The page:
I have been able to advance my career in Terrace. I started out as an emergency room nurse at Mills Memorial Hospital and have transitioned to a psychiatric nurse, team lead, manager of mental health and substance use, and now director of specialized services. I feel extremely appreciated by my team and other colleagues. I really appreciate that they always make me feel welcome, like I was born and raised here.

 

Tamara Reichert

About Tamara Reichert

Tamara is the communications advisor for the innovation and development commons at Northern Health where she works on a number of projects with the research, quality improvement, clinical simulation, and education teams. Born and raised in Prince George, Tamara grew up on a ranch where she rode horses, played with farm animals, built forts, and raided the family garden. She enjoys spending time travelling, hiking, cooking, reading, and cheering for her favourite sports teams.

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Getting to know our region

Person standing on top of mountain with a view of mountain peaks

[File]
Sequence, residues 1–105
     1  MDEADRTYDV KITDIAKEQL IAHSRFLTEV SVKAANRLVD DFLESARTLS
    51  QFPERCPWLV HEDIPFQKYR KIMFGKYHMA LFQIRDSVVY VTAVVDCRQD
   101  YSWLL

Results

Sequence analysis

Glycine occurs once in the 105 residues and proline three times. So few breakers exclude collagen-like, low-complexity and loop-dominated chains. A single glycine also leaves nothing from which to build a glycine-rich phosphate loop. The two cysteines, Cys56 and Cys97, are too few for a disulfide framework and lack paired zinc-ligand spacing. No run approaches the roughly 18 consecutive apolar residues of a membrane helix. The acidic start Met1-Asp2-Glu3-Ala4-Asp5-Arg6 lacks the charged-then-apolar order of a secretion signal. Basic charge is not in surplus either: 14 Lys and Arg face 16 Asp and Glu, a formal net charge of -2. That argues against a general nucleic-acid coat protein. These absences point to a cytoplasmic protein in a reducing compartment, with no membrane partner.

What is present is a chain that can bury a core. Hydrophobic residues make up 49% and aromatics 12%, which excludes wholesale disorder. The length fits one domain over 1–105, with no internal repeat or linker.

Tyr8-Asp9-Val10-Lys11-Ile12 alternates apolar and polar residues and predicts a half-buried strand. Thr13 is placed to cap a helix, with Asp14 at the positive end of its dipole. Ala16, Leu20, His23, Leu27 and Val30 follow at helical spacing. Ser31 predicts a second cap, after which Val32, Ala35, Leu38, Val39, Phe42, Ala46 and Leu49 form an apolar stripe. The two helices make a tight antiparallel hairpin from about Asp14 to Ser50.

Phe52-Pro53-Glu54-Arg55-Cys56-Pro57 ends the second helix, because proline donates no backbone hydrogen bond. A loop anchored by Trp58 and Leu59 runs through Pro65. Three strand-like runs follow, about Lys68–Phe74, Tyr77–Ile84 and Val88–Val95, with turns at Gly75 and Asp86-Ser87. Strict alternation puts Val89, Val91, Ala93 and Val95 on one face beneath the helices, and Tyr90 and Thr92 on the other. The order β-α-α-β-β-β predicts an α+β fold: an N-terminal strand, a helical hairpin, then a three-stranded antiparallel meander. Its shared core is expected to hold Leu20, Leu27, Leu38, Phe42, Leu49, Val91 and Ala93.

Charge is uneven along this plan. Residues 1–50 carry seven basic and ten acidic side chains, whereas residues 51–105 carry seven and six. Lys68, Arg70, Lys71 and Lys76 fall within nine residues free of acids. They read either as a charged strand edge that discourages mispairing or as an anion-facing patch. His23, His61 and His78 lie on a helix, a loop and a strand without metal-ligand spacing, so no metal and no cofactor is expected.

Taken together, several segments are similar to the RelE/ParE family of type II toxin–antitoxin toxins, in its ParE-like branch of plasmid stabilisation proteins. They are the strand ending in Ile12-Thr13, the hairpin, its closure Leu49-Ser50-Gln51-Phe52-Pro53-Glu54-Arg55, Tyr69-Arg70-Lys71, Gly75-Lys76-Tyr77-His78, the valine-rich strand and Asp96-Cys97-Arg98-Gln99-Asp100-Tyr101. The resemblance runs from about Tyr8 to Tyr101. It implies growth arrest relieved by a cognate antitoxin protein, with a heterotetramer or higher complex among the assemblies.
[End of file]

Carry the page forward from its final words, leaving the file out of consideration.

One of many mountain vistas in northern B.C.

So I’m a Northern Health recruiter now. But what the heck does a recruiter do? That was my first question when I started this new role a few years ago. My first instruction was to “get to know your region, get to know your people” and I was asked to do this in whatever way made sense to me. I had never been to northwest B.C. and had no idea what I was signing up for. What I did know was that I had to figure out why people would move there and, more importantly, why they love it so much and want to stay there.

Person walking along a glacier

From beaches to glaciers, northern B.C. is a spectacular place to live, play, and work.

When I asked my managers what they liked to do, almost everything was related to the outdoors. Coming from southern B.C., I thought: yeah, yeah, go outside to a crowded campground where you are shoulder-to-shoulder with strangers, fighting over space on land and on the water to maybe catch a two-pound rainbow trout before you go home after a long weekend. Boy, was I wrong. The northwest was different. Here, nature and outdoor activities are part of everyday life, not just long weekend ventures. Getting to know my area and my people as a new recruiter soon consisted of me asking my colleagues what they liked to do in their spare time after work and then awkwardly responding with: “Sounds awesome! Can I come?”